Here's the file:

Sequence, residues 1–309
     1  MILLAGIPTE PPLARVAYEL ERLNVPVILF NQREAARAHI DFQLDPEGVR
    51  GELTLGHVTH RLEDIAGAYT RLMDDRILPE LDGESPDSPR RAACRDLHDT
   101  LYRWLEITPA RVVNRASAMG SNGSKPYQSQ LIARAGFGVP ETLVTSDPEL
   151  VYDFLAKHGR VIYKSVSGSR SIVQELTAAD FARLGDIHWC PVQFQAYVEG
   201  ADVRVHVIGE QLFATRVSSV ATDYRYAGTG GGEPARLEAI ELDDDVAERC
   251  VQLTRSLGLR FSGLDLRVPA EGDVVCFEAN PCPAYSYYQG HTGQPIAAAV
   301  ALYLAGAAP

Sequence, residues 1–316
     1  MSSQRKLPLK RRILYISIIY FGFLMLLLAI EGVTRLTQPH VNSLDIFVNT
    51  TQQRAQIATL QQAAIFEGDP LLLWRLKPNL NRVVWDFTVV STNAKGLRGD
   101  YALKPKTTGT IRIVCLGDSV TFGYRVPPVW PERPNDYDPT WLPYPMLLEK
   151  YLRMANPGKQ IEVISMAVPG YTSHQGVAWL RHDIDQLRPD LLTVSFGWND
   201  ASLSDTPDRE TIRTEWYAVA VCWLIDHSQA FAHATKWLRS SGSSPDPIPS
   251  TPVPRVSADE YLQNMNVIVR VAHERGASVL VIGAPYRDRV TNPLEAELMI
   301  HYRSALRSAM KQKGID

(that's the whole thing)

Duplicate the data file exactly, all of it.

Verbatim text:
Sequence, residues 1–309
     1  MILLAGIPTE PPLARVAYEL ERLNVPVILF NQREAARAHI DFQLDPEGVR
    51  GELTLGHVTH RLEDIAGAYT RLMDDRILPE LDGESPDSPR RAACRDLHDT
   101  LYRWLEITPA RVVNRASAMG SNGSKPYQSQ LIARAGFGVP ETLVTSDPEL
   151  VYDFLAKHGR VIYKSVSGSR SIVQELTAAD FARLGDIHWC PVQFQAYVEG
   201  ADVRVHVIGE QLFATRVSSV ATDYRYAGTG GGEPARLEAI ELDDDVAERC
   251  VQLTRSLGLR FSGLDLRVPA EGDVVCFEAN PCPAYSYYQG HTGQPIAAAV
   301  ALYLAGAAP

Sequence, residues 1–316
     1  MSSQRKLPLK RRILYISIIY FGFLMLLLAI EGVTRLTQPH VNSLDIFVNT
    51  TQQRAQIATL QQAAIFEGDP LLLWRLKPNL NRVVWDFTVV STNAKGLRGD
   101  YALKPKTTGT IRIVCLGDSV TFGYRVPPVW PERPNDYDPT WLPYPMLLEK
   151  YLRMANPGKQ IEVISMAVPG YTSHQGVAWL RHDIDQLRPD LLTVSFGWND
   201  ASLSDTPDRE TIRTEWYAVA VCWLIDHSQA FAHATKWLRS SGSSPDPIPS
   251  TPVPRVSADE YLQNMNVIVR VAHERGASVL VIGAPYRDRV TNPLEAELMI
   301  HYRSALRSAM KQKGID